A Stranger in a Strange Land: My First Concert Photography Experience

Good afternoon, everyone! We are thrilled to learn that you found time in your busy schedule to spend a few minutes browsing our company blog. We have received a ton of requests for additional photography columns, and starting today we’re thrilled to announce the return of those posts with a little help from our new friend Connor Feimster. Don’t know him? No worries, you’re about to learn his story in his own words.

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Hi! My name is Connor Feimster and I’m a music photographer based out of Philadelphia. I’ve been asked by Haulix to talk about my start in the music photo world by describing my first “official” shoot. For starters, I’ve been taking a camera to shows since 2006, using a Canon point-and-shoot that could easily be hidden inside my right Chuck Taylor. I didn’t start “officially” (can you tell I don’t fancy that term?) shooting shows until quite recently.

My first big-boy shoot actually fell into my lap on a whim. I was lucky enough to have won passes to see Anthony Green, my favorite musician on the face of the planet, perform a studio session at Radio 104.5 in January of 2012. The passes also came with a pair of tickets to his headlining show at Union Transfer later that same night. Once my friend and I were able to sit inches from Green’s godlike presence, we waited in a short line to share a few words with him.

(At the time, photographing shows was simply a mere hobby of mine. It wasn’t anything I constantly strove to achieve with any ticket I had to a show. I didn’t work for any publication or anything; I just had a camera and a Flickr account.)

After chatting with Green, my friend and I began to depart the studio until some weird feeling of confidence swept over me and I ran back upstairs to where the remaining fans were patiently waiting. I then found the first person with a tour laminate and the words just flew out of my mouth: “heymaniwaswonderingificouldmaybeshoottheshowtonight?” It turns out that the poor soul who had to deal with my shaky execution was Green’s tour manager. But it wasn’t until he said “of course, what’s your name?” that I realized I may have done something right. Just like that, I not only had a photo pass, but an extra ticket to the show.

Fast-forwarding to the show, I had my glorified point-and-shoot (a Canon PowerShot SX30 IS) and the beautiful press badge in tow when I entered Union Transfer. I immediately noticed that the venue had no barricade, and therefor no photo pit. My whole being succumbed to a temporary bummer until I asked a guard what I could even do with “this thing”. He then opened the backstage door for me and said “go up there and do your thing!” My eyes widened and I think my jaw may have dropped a little bit.

Thankfully, my friends who were with me knew how important this was to me, so they were fine with me departing for a majority of the show to stand side stage and try to do something right. After running into members of opening band The Dear Hunter (who would later become good friends down the line) for the first time ever, I was already pretty euphoric and starstruck. During their set, I was shooting from pretty far back at first, and noticed that Green and his wife Meredith were standing beside me to watch the set. Green then extended his hand and said “glad to see you up here!” and I silently screamed my little fanboy heart out.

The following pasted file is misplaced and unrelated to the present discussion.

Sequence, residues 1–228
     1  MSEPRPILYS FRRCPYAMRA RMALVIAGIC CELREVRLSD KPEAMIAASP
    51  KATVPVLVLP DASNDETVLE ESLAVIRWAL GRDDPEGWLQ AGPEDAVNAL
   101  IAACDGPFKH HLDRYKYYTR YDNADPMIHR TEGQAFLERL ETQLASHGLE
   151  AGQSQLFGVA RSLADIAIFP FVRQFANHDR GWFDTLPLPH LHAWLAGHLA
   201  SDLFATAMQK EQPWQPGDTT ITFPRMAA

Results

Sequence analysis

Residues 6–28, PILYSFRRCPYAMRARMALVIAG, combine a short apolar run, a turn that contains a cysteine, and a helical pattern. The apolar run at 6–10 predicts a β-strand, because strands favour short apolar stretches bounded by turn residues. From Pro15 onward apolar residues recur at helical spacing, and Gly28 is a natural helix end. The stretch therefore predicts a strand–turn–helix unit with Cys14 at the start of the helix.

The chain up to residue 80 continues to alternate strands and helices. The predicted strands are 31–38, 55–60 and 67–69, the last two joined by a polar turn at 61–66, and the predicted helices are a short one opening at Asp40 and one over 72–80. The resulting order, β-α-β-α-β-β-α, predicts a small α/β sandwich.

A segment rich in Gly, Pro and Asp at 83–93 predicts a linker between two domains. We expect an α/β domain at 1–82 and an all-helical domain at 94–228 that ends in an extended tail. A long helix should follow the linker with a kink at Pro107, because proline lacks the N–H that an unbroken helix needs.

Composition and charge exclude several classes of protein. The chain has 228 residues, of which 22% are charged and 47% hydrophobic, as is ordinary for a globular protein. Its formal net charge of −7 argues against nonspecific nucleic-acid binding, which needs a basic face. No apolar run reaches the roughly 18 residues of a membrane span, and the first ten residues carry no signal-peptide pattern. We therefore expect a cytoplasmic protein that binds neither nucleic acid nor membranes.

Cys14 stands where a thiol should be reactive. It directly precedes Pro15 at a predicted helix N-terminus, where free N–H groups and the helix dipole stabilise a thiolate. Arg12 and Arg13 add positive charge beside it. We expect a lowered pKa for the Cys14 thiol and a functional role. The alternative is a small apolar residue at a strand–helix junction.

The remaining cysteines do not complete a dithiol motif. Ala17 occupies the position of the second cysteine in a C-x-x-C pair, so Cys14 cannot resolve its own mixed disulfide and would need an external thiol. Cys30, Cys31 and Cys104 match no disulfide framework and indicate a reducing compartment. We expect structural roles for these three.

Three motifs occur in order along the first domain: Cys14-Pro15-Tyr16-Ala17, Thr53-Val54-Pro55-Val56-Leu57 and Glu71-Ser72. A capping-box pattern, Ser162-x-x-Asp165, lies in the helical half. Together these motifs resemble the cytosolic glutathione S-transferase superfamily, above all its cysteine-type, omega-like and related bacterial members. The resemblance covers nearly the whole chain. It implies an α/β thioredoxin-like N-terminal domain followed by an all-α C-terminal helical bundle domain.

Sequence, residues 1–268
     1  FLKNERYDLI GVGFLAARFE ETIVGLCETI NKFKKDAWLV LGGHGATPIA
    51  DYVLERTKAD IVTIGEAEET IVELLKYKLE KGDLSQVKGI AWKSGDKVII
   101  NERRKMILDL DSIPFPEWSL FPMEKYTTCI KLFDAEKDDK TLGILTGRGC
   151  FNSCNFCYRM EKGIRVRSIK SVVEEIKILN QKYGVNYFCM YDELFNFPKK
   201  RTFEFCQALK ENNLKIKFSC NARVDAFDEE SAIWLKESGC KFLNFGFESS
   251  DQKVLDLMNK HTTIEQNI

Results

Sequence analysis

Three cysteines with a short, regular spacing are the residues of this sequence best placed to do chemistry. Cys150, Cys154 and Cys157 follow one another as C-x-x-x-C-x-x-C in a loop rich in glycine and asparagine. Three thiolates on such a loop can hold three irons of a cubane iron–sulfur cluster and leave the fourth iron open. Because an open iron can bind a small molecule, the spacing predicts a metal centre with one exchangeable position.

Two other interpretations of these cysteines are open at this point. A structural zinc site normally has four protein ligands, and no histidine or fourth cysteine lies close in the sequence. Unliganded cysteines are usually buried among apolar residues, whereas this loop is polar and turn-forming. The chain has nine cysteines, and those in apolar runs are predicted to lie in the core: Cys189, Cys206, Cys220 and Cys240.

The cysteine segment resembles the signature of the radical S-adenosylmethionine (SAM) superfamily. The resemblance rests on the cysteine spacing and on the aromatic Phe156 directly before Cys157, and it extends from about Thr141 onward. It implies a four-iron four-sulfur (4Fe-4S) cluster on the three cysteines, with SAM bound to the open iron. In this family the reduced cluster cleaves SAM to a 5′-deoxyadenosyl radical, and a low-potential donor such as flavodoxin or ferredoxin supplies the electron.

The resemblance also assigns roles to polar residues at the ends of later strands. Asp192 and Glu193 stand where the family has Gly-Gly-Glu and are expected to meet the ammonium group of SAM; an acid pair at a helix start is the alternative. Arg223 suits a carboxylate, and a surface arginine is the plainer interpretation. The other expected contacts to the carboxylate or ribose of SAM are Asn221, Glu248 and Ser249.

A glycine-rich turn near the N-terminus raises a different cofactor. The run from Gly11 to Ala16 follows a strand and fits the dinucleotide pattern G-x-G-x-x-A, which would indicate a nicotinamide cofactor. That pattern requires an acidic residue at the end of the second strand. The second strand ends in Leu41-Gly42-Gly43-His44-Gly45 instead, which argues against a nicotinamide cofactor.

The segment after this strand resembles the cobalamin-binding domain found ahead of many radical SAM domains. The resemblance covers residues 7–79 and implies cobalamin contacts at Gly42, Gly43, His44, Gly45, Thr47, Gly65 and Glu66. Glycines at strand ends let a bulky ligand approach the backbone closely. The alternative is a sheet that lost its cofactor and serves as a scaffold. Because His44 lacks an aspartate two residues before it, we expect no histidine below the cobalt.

Following The Dear Hunter’s set, I stepped off stage and returned to the backstage corridor and began going through photos and weeding out the bad from the good when a curious woman tapped me on the shoulder and asked if I got any noteworthy shots. I turned and noticed that she was a tad more mature than most Green fans and that she was with a man who was more than likely her husband. After showing her a few photos, I had a sudden realization and, again, just threw words out of my mouth: “This may sound like a weird question, and I hope I don’t offend you, but are you Anthony Green’s parents?” to which she smiled and nodded. I followed up with “I’m guessing you guys are pretty proud of your son’s endeavors”, Green’s father responding with “Every single day.”

Once my time with Green’s parents came and went, I jokingly said to myself that I don’t even need to shoot his set and I could go home and remember this night forever as is. But I had a duty to perform; this pass wasn’t given to me to look like a doofus backstage. So I stuck it out and excitedly texted my friends about everything that just happened in just a window of minutes. The lights went down and Green and his friends in Good Old War took the stage to open with “She Loves Me So”. The set was astounding, as it was the first show of Green’s tour supporting his sophomore solo record Beautiful Things in his hometown. Once his set was finished, I finally ventured back to my friends to watch the encore with them, which held the surprise of Saosin’s “Seven Years” and everyone went ballistic.

I only left that show with four or five salvageable photos (like I said, I didn’t really know what I was doing just yet) and was, at the time, “strictly against editing” for whatever dumb reason, but I left the happiest I had ever been from my time at a show. I don’t think I’d have had my first shoot any other way.

You can check out a few (not very great) photos, still untouched, from that show below!

James Shotwell

James Shotwell is the Director of Customer Engagement at Haulix and host of the company's podcast, Inside Music. He is also a public speaker known for promoting careers in the entertainment industry, as well as an entertainment journalist with over a decade of experience. His bylines include Rolling Stone, Alternative Press, Substream Magazine, Nu Sound, and Under The Gun Review, among other popular outlets.